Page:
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Tumor Movement To Lower Limb

A patient has a tumor pressing against her thoracic aorta at T5, which is decreasing blood flow. How can blood travel to the lower limb? What is a pathway that starts and ends at the aorta and allows arterial blood to bypass the obstruction? Include anastomoses.

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So let's start with how the blood would normally pump through the circulatory system:

1. Circulated blood enters heart through the vena cava into the right atrium.
2. The right atrium contracts and pumps the blood through the tricuspid valve and into the right ventricle.
3. The right ventricle then pumps blood through the pulmonary artery into the lungs.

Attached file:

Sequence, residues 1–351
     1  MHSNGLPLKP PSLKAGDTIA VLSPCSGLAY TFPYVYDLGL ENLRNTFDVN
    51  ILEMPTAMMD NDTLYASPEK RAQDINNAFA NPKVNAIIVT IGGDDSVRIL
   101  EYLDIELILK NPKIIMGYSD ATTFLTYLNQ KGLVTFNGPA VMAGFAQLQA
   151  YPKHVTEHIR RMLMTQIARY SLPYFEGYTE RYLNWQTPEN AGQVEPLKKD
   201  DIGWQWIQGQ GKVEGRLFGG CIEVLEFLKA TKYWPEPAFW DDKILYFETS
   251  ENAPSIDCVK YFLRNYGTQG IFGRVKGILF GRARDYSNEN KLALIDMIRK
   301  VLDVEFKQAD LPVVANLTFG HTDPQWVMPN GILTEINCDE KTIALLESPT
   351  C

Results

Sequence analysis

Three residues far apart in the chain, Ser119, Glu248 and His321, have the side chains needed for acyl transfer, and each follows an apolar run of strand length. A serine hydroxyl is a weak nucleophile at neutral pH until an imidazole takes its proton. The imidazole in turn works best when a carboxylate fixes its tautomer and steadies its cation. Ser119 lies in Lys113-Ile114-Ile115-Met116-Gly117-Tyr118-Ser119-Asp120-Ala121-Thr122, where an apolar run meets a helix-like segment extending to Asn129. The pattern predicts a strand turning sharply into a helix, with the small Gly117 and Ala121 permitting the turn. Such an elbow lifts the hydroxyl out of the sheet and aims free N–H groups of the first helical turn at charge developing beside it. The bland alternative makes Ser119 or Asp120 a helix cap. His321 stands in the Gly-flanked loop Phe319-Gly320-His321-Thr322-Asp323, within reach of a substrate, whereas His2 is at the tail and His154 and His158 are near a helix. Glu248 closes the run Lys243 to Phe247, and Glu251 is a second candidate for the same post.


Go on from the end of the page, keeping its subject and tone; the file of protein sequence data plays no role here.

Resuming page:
4. Oxygenated blood then flows through the pulmonary vein and into the left atrium.
5. Oxygenated blood then pumps through the mitral valve and into the left ventricle.
6. The left ventricle contracts and sends blood through the aortic arch on its way to all parts of the body. At this point, there are a few options for the blood flow: blood can be pumped
•through the carotid artery and into the brain.
•through the auxiliary arteries and into the arms.
•through the aorta and into the torso and legs.
7. Blood will then move through the arteries, then through capillaries, and then return through the veins.
8. Deoxygenated blood (blood without oxygen) will then return to the heart.
9. The cycle repeats

However in our case we have a blockage at T5 of the Aorta. The ...

Solution Summary

The solution discusses tumor movement to the lower limb.